Email needs to be replaced. Whether you agree or disagree, you’ll probably agree that the rise in social media is changing the way that we communicate. Perhaps email is not going to die altogether, but become more archaic like snail mail today. I was initially a little sceptical when I started exploring what may happen to email in the next five years until I mentioned it to my wife – she told me how just the other week she had asked her teenage niece to email her something, to which the response was “email!? That’s so yesterday. I’ll Facebook it to you!”.
Now, the purpose of this article is not to get into a long debate about whether email is Social Media Governancegoing to die in the next three, five or 10 years and what will replace it. What I want to address here is the perception, held by many, that using an Enterprise Social Platform to communicate within an organisation is risky. Let’s face it, if we tried to launch email in this day and age it would never get approved by risk and compliance. Why? When we send an email, regardless of whether it is encrypted / protected or not, how many copies are created? There would be the copy on your local machine, the mail server, mail server replicas, probably on some Disaster Recovery system, and then there’s the mobile devices which download them and store them. The number of copies will also multiply by the number of recipients and the infrastructure and policies at the recipients’ company may differ to the sender’s. Perhaps they have multiple server replicas and maybe the email would get downloaded to both a smartphone as well as a tablet. To throw another risk into the bag, how long are these emails going to be saved for? What are the data archiving policies at the sender and at the recipient?
Hopefully you can see that as we delve deeper and deeper into an analysis of email the number of risk considerations increase rapidly. Realistically, we are now comfortable with email and there are a number of good safeguards in place to secure confidentiality.
So how would this scenario look if we used an enterprise social platform to communicate? Since it’s (often) hosted on a server in the cloud (save discussions around which flavour of cloud-based hosting you prefer), the system is accessible through a user’s browser. Granted, this poses risks of its own. But now the message is stored on one server which is accessed via a virtual private network. There aren’t multiple copies floating around on infrastructure own by multiple organisations. From a control perspective, so long as the server is managed correctly, is secure and an appropriate resilience and business continuity plan is in place I would argue that this is less risky than email…more
Meeting planners are blessed with many options when it comes to the destination selection process. Are Convention and Visitor Bureaus still worth considering for the site selection process? The answer is “yes.” Convention and Visitor Bureaus, and in some cases Destination Marketing Organizations or DMO’s, should be the first organization you contact in a desired destination. Need to know exactly what is happening in a destination?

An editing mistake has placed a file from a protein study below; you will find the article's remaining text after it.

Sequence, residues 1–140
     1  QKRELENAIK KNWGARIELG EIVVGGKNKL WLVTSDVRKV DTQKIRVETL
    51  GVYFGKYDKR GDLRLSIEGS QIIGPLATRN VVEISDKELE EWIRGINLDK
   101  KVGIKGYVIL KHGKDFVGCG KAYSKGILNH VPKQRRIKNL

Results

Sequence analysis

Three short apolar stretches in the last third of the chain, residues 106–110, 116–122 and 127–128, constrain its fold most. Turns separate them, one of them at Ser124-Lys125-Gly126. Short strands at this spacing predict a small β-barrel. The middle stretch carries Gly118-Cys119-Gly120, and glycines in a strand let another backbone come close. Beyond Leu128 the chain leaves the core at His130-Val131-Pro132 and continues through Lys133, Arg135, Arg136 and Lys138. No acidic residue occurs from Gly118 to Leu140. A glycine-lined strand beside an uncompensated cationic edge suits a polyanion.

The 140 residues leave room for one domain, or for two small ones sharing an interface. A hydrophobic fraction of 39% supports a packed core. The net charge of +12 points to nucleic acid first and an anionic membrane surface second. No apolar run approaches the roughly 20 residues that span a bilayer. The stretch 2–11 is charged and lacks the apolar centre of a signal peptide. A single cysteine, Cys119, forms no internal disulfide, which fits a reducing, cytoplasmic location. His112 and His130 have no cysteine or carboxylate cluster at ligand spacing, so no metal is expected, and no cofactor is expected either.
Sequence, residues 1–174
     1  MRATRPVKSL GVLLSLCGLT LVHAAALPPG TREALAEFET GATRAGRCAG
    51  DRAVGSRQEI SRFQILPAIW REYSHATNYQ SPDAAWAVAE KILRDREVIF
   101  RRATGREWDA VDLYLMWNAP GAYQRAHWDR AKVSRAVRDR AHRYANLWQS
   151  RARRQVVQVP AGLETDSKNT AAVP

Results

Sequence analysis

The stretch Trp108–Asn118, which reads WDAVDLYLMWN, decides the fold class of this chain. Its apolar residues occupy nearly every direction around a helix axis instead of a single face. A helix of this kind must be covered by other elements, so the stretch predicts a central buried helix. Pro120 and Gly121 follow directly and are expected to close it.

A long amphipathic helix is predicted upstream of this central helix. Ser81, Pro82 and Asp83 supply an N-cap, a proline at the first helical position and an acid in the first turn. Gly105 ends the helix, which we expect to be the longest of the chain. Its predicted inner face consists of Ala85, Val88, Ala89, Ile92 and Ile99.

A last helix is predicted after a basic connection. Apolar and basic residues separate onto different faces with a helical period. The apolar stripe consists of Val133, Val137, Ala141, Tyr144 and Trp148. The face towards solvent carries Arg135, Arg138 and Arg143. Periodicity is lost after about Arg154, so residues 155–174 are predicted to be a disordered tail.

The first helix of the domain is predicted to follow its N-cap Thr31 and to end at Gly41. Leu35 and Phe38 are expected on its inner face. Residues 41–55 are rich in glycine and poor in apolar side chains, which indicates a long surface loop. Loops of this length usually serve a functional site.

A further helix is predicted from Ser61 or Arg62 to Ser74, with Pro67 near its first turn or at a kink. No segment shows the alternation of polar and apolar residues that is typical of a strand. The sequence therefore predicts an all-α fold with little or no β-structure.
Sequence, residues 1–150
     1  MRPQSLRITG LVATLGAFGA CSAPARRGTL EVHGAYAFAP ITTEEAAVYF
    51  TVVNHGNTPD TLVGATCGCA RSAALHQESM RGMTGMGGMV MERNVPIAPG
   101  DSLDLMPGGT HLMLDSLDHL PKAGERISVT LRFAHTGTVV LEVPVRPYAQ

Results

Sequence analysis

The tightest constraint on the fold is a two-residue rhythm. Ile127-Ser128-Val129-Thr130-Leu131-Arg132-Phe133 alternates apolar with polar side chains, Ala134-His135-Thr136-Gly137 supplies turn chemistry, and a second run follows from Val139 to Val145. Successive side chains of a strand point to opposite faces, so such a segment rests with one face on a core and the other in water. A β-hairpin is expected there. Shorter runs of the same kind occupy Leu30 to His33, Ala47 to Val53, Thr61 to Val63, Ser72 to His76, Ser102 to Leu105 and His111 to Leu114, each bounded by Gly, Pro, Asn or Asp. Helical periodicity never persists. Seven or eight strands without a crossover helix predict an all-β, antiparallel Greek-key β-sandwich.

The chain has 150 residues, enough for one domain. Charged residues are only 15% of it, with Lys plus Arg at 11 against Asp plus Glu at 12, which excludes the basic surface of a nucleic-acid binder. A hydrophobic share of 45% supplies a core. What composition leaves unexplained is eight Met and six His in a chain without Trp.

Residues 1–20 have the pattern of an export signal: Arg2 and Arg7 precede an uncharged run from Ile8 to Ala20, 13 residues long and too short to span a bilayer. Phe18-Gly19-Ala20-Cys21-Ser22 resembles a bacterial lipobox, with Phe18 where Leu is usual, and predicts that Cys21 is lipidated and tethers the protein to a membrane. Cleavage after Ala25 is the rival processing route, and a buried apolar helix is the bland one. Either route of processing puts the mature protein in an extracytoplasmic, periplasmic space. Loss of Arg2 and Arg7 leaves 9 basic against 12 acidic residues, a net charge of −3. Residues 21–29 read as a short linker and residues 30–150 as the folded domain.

Then the CVB will be the place to get all that is needed to make an educated decision. Best of all, the services offered by the CVB are free to the planner. They are paid for by bed-tax dollars and memberships. CVB’s do a superb job of keeping updated information on venues, activities, challenges and opportunities in their city. People working at the CVB are experts on what their destination has to offer, and many have worked in the hospitality or meeting planning industry prior to joining the bureau.
As a planner I look at the local CVB as a partner in the planning process of my conferences. From the start they can advise about potential conflicts related to other events, major construction projects in the city and advise on traveling into the destination. Especially helpful for long-term planning, CVB’s have a great understanding of which development projects are in the pipeline and have been approved by the city. As a planner I have been pitched numerous to be build venues; quick checks with the CVB in the destinations revealed the uncertainty of the projects.
Once a destination has been selected, the CVB can help planners secure bids on venues, hotels and other services. The only caveat is that CVB’s tend to only include member organizations in their bid process; however most venues and hotels seem to be members of their local CVB. Part of the bid process can include site visits planned and at times paid for by the CVB for the planner.
Many CVB’s have websites or pages on their websites that allow meeting planners to submit RFPs and browse services and providers.
Once you have confirmed your destination, the CVB can help you with promotional materials, connections and will become a great resource for your attendees as they plan their participation.
Convention and Visitor Bureaus play an important role in the success of your event. Build relationships and make sure that once your event has completed you share with the CVB how many room nights your event picked up. This will help the bureau accurately report numbers to their constituents. It’s a simple thing to do but forgotten by so many planners
I was browsing the web the other day and stumbled across a handful of slides that I thought could use a makeover. The slides were cluttered, the main message unclear and visuals weren’t leveraged to make any impact.
So I asked my team to redesign them. I thought it would make a fun and insightful exercise, with the objective of demonstrating what not to do when designing presentations. Before we walk through the slide makeovers, there are 2 essential practical presentation design lessons for you to keep in mind:
1. Focus on the Essential
2. Increase Your Slide Count
Remember that, and learn from these mistakes:
Original article by Scott Schwertly can be found here